FAQs - Speech Pathology Program (M.S.)
(Clinical Residential Program)
Please visit our department’s website for information about the qualifications and research interests of our faculty https://www.csd.jmu.edu/people/index.html, and descriptions of our research labs https://www.csd.jmu.edu/researchlabs.html.
If you have further questions after reviewing these resources, we invite you to email us at email@example.com.
What do I need to do to be considered for admission to the Speech Pathology (M.S.) program?
Applicants are required to complete applications through both CSDCAS and JMU Graduate School by the posted deadline. Notice of decisions will occur in late March. We have a two-part application process.
Part 1: Applicants must complete all aspects of the CSDCAS application including:
- Personal written statement in response to essay prompt in CSDCAS application
- Official GRE scores, be sure to use DI Code 1043 (Note that applicants who already have a master’s degree do not need to submit GRE scores)
- Official transcripts
- Names and contact information for two references (JMU does not require letters of recommendation)
Do I have to have an undergraduate degree in Communication Sciences and Disorders?
An undergraduate degree is required for application, but it does not need to be in Communication Sciences and Disorders. You will need to have completed pre-requisite coursework and basic science requirements prior to beginning your graduate level studies. For more information visit https://csd.jmu.edu/MS-SLP/admission.html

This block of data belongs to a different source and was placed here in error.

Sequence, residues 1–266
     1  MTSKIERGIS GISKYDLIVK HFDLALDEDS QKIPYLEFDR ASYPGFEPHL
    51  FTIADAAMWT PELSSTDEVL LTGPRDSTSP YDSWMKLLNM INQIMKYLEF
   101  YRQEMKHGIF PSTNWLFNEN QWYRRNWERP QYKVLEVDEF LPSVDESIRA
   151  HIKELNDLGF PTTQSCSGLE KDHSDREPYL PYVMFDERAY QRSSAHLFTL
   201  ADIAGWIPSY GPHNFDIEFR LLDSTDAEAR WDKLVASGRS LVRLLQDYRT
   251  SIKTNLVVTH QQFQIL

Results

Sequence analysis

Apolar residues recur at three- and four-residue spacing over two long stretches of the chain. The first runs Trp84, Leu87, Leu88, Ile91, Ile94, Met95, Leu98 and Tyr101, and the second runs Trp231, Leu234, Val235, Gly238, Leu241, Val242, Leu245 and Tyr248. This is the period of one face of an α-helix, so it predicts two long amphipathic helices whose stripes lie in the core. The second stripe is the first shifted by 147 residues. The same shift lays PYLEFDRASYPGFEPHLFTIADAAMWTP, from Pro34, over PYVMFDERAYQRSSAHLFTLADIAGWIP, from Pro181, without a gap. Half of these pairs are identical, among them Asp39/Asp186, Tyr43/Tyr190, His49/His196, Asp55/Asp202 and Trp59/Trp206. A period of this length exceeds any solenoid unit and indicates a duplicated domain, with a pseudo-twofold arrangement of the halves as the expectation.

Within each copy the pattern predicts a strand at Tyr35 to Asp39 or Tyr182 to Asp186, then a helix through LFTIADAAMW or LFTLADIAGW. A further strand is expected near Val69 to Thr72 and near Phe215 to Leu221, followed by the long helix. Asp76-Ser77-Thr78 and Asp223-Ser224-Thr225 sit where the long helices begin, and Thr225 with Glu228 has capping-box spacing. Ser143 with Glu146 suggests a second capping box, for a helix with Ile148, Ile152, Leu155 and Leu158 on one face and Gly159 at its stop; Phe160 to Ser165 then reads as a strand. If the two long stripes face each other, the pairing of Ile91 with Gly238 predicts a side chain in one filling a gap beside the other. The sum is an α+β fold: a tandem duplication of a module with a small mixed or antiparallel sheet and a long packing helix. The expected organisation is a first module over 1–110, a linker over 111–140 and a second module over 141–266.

What prerequisite coursework is required?
- CSD 207 - Phonetics
- CSD 208 - Anatomy & Physiology of the Ear & Voice Mechanism
- CSD 209 - Acoustics of Speech and Hearing
- CSD 300 - Language Development
- CSD 301 - Introduction to Audiology
The Council for Clinical Certification (CFCC) of the American Speech-Language Hearing Association (ASHA), the speech pathology credentialing organization, requires that you have all of the following coursework: one biological science, one physical science (chemistry or physics), one statistics course and one social science.
Students who have not successfully completed a course in Aural Rehabilitation (graduate or undergraduate level), will be expected to complete the coursework in order to meet competencies.
Are there GPA or GRE Requirements?
The Speech Pathology program is a competitive admissions process. There is a minimum major and overall GPA of 3.25 required for application. There is no minimum GRE score, although successful applicants generally score above the 50th percentile. Information on the GRE is available at the official web site of Educational Testing Service.
Do you require letters of recommendation?